We want to tell you a tale of two cheeses. Both delicious in their own and unique way. One made right here in Australia and the other made across the globe in France. Let’s go…

Inspired by the Latest Cheese Club 

The idea to write about these two cheeses came to us during the latest Cheese Club when we were doing our famous Cheese Battle. During our Cheese Battles we taste cheeses and try to guess their country of origin.

The whole experience is so fascinating and fun, it made us want to share it. This way, if you’ve missed out on the actual Cheese Battle you’ll get a glimpse into it. Or even better, it will inspire you to join our Cheese Club next month. 

October Cheese Battle

During our October Cheese battle we tasted four different cheese categories: goats cheese, soft cheese, hard cheese and blue cheese. Two cheeses in each of these categories: one from Australian and one from France. You need to guess which one is which.

Tips for Tasting Cheese

We thought we’ll share with you a few helpful tips for tasting cheese:

  1. First of all take the cheeses out of the fridge for at least half an hour before serving, this allows the cheeses to be served at room temperature.
  2. Look at the cheese. What does the rind look like? What does the paste/centre look like? Also note the colour, this can help determine milk type. 
  3. Smell the cheese. This may sound a little unusual, but our sense of smell is an important part to tasting flavour.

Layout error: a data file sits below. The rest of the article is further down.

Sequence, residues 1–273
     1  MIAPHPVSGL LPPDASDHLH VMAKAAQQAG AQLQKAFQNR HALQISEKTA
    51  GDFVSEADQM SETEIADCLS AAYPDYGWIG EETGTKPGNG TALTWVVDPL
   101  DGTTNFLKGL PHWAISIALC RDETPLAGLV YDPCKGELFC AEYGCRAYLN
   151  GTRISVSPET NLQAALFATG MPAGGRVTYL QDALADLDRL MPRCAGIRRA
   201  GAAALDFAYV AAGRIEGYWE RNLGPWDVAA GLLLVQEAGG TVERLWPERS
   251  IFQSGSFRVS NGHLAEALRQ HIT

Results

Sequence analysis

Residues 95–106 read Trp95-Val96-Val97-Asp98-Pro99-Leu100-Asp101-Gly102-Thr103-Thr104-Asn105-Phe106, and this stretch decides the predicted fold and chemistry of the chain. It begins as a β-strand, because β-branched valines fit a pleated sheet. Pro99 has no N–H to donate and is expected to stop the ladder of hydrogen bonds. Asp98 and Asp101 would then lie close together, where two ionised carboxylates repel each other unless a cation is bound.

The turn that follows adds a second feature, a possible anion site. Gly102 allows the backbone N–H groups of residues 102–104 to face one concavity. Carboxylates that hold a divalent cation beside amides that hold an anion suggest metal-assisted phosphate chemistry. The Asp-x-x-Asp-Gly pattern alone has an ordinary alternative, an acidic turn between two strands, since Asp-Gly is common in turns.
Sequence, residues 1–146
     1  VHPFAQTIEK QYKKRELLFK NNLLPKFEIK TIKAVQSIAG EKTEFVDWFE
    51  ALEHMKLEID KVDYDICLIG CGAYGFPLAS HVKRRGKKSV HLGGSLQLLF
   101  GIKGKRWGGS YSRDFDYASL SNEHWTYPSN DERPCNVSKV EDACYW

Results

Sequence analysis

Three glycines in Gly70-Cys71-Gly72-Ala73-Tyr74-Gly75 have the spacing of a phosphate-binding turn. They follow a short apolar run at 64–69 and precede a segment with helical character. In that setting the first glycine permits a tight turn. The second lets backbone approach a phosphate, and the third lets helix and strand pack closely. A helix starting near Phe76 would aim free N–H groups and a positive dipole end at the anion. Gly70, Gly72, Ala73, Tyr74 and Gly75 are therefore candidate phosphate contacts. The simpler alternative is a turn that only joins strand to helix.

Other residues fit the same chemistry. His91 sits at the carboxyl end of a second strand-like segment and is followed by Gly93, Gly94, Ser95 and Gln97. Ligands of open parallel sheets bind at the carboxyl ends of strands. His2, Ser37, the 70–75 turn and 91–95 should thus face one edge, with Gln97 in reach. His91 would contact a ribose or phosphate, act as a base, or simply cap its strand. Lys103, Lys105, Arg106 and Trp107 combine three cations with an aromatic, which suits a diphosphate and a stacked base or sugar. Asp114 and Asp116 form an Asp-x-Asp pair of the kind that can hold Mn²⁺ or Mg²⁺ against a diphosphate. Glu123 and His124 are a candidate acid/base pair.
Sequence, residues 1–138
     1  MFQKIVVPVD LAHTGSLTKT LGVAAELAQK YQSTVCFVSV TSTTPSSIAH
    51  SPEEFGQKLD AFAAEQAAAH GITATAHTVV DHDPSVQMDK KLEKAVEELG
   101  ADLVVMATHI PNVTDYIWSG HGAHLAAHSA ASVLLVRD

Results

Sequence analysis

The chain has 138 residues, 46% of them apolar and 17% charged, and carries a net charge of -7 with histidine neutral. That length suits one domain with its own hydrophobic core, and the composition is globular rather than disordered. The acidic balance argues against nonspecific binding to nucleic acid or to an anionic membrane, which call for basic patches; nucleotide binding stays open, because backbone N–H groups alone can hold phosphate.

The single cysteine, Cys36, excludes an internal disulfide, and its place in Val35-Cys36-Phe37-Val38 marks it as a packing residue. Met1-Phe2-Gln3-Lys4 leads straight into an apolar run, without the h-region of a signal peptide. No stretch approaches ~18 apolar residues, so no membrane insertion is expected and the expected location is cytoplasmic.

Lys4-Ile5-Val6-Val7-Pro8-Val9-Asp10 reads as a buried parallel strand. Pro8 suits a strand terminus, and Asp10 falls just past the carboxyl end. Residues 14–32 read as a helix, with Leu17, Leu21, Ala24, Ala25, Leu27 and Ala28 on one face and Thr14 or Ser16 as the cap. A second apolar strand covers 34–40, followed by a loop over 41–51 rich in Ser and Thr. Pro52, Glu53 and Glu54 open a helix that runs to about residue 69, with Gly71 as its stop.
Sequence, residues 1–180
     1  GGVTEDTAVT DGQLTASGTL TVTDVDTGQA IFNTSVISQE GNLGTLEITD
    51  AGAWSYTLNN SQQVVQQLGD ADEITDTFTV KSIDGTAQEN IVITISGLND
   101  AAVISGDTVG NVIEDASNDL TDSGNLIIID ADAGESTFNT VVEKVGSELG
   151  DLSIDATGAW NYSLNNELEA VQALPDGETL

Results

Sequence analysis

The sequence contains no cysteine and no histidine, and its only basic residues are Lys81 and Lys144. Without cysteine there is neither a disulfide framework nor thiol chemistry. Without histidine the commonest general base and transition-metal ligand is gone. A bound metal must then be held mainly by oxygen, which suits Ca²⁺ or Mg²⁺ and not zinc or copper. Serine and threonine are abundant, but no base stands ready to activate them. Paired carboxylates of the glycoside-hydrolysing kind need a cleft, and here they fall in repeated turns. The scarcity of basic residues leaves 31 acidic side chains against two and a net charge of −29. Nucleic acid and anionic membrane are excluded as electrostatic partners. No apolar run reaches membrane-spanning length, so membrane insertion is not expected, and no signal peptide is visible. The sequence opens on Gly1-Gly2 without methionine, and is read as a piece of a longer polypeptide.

4. Taste. But not in big chunks. Small amounts, eaten slowly is the best way to take in the flavours of the cheese. Depending on the cheese, either allow it to melt in your mouth, or slowly chew the cheese allowing it to cover your entire palate. 

Once you’ve completed the steps, pay attention to the delicate flavours. Remember that everyone’s palate is different, so we each taste things slightly differently.

Two Goats Cheeses

During our Cheese Battle Goats cheeses received lots and lots of compliments. This is why we’re introducing them to all of you:

  1. Black Savourine from Australian Yarra Valley.
  2. Petit Saint Maure from French Loire Valley.

A tale of two cheeses

Black Savourine from Australian Yarra Valley

Milk: Pasteurised goat
Description: Semi-mature, ashed white mould goats milk cheese with flavours of nuts, fresh cream and a hint of blue.

Petit Saint Maure from French Loire Valley

Milk: Pasteurised goat
Description: An un-ashed goat milk log with crisp, clean and slightly acidic notes, with a smooth creamy finish and a subtle earthiness.

It is really fascinating to taste these cheeses together. This allows you to observe the subtlest of similarities and differences in their flavours. The Black Savourine is dusted with ash and has unique earthy and creamy flavours. 

Try tasting them alongside each other and see what similarities and differences do you notice yourself. Both are currently available in our Deli.

A tale of two cheeses